Monday November 14, 2016 at 7:44 pm
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SCOOP

Baazzov back in play? After the William Hill/PokerStars buy-out talks fell apart, David Baazov threw his hat back in the ring once again. On Monday, the ex-CEO of Amaya offered to buy PokerStars for $6.7 billion or roughly $17.71 USD per share (or $24 Canadian Dollars). The ball is currently in Amaya's court.

Baazov Bid 2
Ex-CEO of Amaya David Baazov offers to buy PokerStars

If you look up the word persistent in the dictionary, you might see a photo of David Baazov. The big news in the online gaming world on Monday was the big story that David Baazov made an offer to buy PokerStars for $6.7 billion. This offer comes a couple of weeks after a potential deal with British bookmaker William Hill fell apart. There were rumors that another online gaming company was interested in acquiring PokerStars, but a legit offer never came to fruition.

According to an article in Forbes, "Baazov made a bid to buy Amaya that values the company at $6.7 billion, saying the offer was fully financed, and not subject to financial conditions or due diligence. Baazov offered to pay $24 Canadian dollars per common share (around $17.71 U.S.) and put up $200 million that Amaya needs in February to make a $400 million scheduled payment to the previous owners of PokerStars, mostly billionaire Mark Scheinberg."

Reuters reported, "Baazov, who already owns about 17.2 percent of Amaya, including options, said he made the offer on behalf of a to-be-formed entity led by him. The offer including debt and transaction costs is valued at $6.7 billion, Amaya said in a regulatory filing. The equity portion of the deal would be $4.1 billion and will be mostly financed by four funds, which have committed $3.65 billion and Baazov's shares."

Baazov made a name for himself early in his career for his ability to cull together funding for massive deals. His under-the-radar company based out of Montreal sort of came out of nowhere in 2014 when he ponied up the money to buy PokerStars (and FullTilt) for nearly $5 billion. To pull off the sale, Baazov put together some fat financing backed by numerous Wall Street banks and hedge funds including the prestigious Blackstone Group.

The transaction went through without any problems, but Montreal's version of the Securities and Exchange (SEC) called the Autorité de Marchés Financiers flagged some investors in Amaya stock. The regulators in Quebec charged Baazov with insider trading. Baazov denied any wrong doing but was forced out, although the official story said he was on an "indefinite paid leave of absence." Amid the insider-trading scandal, Amaya's stock tanked and dropped almost 40%.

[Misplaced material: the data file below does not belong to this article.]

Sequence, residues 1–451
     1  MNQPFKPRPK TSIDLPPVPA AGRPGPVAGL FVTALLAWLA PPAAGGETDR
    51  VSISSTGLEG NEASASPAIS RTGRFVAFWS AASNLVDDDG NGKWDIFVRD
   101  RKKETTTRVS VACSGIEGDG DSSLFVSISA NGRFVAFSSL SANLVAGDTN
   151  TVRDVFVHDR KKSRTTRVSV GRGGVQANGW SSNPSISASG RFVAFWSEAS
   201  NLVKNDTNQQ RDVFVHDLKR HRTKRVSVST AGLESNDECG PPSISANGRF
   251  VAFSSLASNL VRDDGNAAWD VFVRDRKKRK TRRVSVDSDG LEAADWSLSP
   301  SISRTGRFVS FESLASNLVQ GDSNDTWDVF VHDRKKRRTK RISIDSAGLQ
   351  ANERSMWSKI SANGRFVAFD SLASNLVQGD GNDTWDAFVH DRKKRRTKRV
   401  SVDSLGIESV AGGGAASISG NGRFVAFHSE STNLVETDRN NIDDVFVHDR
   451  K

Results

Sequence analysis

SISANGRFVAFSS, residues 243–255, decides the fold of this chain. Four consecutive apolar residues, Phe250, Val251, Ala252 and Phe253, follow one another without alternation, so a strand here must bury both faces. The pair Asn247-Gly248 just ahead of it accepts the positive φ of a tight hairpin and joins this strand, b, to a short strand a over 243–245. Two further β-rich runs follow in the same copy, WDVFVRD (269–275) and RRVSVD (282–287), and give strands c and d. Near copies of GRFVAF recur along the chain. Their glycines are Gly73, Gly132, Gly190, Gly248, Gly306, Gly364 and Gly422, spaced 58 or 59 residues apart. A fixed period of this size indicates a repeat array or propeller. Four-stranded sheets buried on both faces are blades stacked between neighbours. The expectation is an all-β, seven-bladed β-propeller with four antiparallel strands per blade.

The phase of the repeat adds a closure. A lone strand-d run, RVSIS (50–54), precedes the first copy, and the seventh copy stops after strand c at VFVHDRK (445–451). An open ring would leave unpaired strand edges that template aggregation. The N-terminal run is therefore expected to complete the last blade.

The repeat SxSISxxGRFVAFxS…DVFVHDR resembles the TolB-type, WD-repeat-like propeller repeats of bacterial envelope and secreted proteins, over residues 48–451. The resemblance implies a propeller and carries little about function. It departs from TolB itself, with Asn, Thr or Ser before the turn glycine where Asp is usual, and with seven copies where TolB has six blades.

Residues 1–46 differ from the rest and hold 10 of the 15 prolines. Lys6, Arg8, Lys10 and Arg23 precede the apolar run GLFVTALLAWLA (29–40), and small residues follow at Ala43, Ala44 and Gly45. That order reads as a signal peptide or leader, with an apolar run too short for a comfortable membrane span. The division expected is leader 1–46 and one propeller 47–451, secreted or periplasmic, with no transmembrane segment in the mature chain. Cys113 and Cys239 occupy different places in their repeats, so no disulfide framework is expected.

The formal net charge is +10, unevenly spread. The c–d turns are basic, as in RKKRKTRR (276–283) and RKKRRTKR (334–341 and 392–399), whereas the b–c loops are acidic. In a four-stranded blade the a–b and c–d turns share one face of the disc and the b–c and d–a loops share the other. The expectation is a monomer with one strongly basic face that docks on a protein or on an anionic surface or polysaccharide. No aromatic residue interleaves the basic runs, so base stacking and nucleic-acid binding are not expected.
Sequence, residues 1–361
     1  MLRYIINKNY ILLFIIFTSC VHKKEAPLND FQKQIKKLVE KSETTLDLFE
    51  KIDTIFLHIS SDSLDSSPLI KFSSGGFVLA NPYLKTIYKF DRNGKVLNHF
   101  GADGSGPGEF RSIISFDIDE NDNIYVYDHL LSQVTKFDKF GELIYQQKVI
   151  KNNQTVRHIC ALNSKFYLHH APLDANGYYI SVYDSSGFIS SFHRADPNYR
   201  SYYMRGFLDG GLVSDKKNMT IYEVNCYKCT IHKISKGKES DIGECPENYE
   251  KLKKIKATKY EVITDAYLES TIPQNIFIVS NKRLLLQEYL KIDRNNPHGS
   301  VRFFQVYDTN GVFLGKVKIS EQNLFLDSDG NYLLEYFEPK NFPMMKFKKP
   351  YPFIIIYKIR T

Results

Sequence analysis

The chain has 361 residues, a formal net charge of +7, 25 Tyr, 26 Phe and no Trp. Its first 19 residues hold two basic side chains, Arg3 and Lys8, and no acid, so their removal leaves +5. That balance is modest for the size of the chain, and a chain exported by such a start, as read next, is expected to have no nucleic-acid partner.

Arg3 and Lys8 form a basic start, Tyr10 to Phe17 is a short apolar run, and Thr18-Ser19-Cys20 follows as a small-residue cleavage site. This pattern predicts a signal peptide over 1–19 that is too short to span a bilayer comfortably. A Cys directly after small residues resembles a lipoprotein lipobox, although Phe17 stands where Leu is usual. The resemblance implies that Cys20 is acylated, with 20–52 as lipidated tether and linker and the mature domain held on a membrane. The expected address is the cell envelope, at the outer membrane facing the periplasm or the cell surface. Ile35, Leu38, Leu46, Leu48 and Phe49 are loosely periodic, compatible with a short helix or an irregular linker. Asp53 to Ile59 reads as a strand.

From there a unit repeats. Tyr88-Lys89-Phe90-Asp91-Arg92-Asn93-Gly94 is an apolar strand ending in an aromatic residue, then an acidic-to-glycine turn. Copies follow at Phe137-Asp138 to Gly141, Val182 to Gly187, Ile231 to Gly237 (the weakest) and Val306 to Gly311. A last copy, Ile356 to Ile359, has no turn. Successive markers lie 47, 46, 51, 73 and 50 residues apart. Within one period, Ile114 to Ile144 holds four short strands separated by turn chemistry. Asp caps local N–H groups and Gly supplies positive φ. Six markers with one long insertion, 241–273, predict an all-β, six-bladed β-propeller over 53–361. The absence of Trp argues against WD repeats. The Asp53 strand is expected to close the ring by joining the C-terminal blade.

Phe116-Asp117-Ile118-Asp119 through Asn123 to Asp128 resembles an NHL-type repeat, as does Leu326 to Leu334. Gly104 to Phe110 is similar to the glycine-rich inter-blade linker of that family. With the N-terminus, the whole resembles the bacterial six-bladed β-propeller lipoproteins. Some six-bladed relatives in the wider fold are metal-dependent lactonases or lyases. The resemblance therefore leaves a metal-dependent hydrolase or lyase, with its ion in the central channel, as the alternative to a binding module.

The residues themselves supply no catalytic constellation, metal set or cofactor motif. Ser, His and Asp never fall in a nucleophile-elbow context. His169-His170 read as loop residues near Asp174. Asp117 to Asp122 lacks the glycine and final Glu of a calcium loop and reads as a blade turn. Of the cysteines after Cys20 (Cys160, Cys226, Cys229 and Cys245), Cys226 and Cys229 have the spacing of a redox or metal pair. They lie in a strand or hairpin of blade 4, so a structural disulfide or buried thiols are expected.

On the other side of the virtual felt, the players were feeling the corporate crunch. A small group of pros who had earned Supernova Elite status launched a boycott after PokerStars amended their player loyalty programs. Amaya instituted a series of unpopular changes that was supposed to maintain the health of the overall poker ecosystem. The suits had no qualms about alienating some of their top players because they saw the financial benefit over the long haul. The family-run vibe of PokerStars went out the front door as corporate overlords took over and tried to squeeze every cent out of PokerStars and its verticals. Online poker numbers have been steady, but nothing compared to the increases in casino gaming, which is why the casino and sportsbetting side of their operations have been getting extra special attention.

In the second half of 2016, Amaya felt like a despertae father trying to marry off his eldest daughter. Amaya had been welcoming suitors and ironically Baazov was one of the first in line to buy back the company with his own money. William Hill showed some moderate interest, but in October one of the main investors in the British bookmaker balked at acquiring PokerStars. GVC Holdings, the owner of bwin, also showed some buyout interest but the discussions never evolved into anything of substance.

Enter Baazov on stage left. Take two! Baazov was aware that Amaya has a looming $400 million payment to Mark Scheinberg, one of the original owners of PokerStars in early 2017. To sweeten the deal, Baazov offered to pay $200 million of that obligation. Baazov said he'd put up the stake he already owns and has the financing in place to complete the transaction. So now it comes down to this... does Amaya have anyone else they can sell the company to? And if not, will they hold off for a suitor down the road, or will they finally give in and sell PokerStars to Baazov? Stay tuned.

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